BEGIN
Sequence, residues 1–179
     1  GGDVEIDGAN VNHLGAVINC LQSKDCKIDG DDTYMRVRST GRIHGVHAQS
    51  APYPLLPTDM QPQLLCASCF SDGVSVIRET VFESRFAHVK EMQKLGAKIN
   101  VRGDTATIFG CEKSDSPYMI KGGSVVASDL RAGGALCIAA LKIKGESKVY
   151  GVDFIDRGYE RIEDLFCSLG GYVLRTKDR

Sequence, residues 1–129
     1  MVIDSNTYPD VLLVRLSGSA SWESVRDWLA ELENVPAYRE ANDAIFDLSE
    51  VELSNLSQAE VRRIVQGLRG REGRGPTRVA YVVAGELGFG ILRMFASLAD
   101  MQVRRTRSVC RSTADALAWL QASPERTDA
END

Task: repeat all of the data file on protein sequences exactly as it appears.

Sequence, residues 1–179
     1  GGDVEIDGAN VNHLGAVINC LQSKDCKIDG DDTYMRVRST GRIHGVHAQS
    51  APYPLLPTDM QPQLLCASCF SDGVSVIRET VFESRFAHVK EMQKLGAKIN
   101  VRGDTATIFG CEKSDSPYMI KGGSVVASDL RAGGALCIAA LKIKGESKVY
   151  GVDFIDRGYE RIEDLFCSLG GYVLRTKDR

Sequence, residues 1–129
     1  MVIDSNTYPD VLLVRLSGSA SWESVRDWLA ELENVPAYRE ANDAIFDLSE
    51  VELSNLSQAE VRRIVQGLRG REGRGPTRVA YVVAGELGFG ILRMFASLAD
   101  MQVRRTRSVC RSTADALAWL QASPERTDA